DIH-HERO financed SensArs Neuroprosthetics through the Technology Transfer Experiment

About 50% of diabetic patients develop diabetic peripheral neuropathy (DPN). 10-30% of them develop pain symptoms from the extremities (painful diabetic peripheral neuropathy – pDPN), which is associated to aberrant peripheral sensory inputs (peripheral components), and maladaptive cortical plasticity (central components).

Presently available treatments include drugs which are not effective and cause several side effects (such as lethargy, somnolence, falls). Alternatives are implantable or non-implantable stimulators. These medical devices elicit sensations of paresthesia that reduce the acute occurrence of pain. However, since these sensations are not pleasant, the cognitive/cortical aspects of pain are not addressed, preventing the chronic efficacy of these devices (i.e. pain reoccurs).

We propose BCI-FOR-PAIN, a non-invasive medical device that restores pleasant sensations, and treats pain both in acute and chronic conditions. Pleasant sensations are obtained through the combination of transcutaneous electrical nerve stimulation (TENS), virtual reality (VR) and electroencephalography (EEG). TENS on the ankle elicits foot sensations by addressing the tibial nerve, VR increases their perception as if they were coming from the body of the patient, EEG measures the perceived pleasantness from the patient and drives the change of TENS-VR parameters to maximize such pleasantness.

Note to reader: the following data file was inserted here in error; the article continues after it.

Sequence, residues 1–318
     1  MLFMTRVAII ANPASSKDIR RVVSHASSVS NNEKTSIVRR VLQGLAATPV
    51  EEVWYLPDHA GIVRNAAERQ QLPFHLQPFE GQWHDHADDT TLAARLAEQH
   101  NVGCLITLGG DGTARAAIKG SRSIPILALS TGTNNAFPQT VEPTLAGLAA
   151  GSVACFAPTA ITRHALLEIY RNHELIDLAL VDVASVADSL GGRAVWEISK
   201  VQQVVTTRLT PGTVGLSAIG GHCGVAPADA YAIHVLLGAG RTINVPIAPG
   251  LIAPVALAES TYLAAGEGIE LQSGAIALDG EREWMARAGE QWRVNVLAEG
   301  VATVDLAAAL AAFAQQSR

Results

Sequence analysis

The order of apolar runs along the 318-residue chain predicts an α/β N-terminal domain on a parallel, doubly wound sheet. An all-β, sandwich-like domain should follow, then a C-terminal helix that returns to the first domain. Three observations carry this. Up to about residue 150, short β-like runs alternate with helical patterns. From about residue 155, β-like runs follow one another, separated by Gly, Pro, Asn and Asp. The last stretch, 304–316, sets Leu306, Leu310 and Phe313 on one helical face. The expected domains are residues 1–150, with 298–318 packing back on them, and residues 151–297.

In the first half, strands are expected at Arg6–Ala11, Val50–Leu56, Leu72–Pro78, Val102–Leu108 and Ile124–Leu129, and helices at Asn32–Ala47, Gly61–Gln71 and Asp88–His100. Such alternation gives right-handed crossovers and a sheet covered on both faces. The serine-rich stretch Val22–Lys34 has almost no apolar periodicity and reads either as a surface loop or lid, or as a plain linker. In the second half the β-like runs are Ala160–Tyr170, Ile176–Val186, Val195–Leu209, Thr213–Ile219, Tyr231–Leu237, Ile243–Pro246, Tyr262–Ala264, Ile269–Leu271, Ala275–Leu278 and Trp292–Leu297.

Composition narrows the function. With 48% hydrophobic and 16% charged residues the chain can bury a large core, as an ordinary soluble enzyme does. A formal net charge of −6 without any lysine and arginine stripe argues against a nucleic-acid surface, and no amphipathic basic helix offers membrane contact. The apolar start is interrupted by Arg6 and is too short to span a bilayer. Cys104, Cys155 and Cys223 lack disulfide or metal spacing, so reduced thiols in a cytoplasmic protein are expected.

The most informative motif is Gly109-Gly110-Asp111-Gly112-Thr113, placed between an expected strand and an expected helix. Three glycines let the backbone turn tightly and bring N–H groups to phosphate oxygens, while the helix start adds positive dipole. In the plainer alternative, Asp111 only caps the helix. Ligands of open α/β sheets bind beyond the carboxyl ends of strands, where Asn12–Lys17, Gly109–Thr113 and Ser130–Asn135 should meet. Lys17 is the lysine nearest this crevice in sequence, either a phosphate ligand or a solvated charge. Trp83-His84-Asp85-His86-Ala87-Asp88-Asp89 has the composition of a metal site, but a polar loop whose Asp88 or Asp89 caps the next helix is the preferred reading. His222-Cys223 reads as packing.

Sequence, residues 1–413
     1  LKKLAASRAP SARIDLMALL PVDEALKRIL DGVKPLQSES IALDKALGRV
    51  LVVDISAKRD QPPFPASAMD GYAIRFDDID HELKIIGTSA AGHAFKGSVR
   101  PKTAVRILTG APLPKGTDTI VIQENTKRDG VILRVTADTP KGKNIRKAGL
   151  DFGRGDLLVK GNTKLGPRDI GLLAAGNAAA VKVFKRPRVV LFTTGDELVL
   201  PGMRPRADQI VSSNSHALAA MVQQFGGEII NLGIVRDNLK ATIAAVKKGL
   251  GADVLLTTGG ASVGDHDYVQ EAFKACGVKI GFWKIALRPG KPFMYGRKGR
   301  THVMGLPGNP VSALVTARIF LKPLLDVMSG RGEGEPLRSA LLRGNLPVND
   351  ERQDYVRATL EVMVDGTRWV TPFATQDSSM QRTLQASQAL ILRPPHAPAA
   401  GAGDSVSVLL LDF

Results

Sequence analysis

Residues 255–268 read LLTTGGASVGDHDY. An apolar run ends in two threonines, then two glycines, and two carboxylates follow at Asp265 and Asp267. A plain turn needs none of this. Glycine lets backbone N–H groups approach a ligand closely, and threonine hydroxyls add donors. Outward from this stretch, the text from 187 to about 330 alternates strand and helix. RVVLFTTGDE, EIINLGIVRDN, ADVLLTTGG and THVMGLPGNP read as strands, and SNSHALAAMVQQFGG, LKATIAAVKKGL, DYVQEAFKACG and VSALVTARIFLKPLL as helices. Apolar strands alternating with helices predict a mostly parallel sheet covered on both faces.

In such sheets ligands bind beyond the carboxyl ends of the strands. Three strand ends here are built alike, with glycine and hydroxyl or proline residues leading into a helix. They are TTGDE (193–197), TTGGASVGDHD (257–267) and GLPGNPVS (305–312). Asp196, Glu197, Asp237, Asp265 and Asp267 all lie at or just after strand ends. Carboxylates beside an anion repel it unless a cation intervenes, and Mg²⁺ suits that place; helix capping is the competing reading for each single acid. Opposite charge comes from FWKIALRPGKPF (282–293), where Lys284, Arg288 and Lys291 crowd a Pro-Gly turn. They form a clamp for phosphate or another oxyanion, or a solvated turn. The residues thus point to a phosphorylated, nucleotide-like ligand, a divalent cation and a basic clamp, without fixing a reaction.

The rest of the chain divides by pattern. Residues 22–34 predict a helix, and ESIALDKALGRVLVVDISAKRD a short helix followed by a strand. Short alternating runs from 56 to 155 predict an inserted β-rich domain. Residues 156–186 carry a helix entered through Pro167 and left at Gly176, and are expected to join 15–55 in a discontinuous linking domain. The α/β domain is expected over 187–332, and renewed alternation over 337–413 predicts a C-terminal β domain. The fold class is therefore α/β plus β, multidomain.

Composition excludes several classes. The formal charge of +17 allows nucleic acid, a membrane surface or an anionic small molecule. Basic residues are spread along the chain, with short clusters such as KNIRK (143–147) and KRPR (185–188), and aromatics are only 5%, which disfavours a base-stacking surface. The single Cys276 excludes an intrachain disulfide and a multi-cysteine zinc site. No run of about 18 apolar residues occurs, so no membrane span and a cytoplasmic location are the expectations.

SensArs has already developed and tested with healthy subjects the VR-TENS system, while Mbt has developed and tested an EEG system that decodes the persons’ mood states. The objective of this project is to integrate these technologies and test it with patients affected by pDPN. BCI-FOR-PAIN will provide a novel device for the healthcare system which will provide an effective treatment for pain and save costs connected with ineffective pain cures.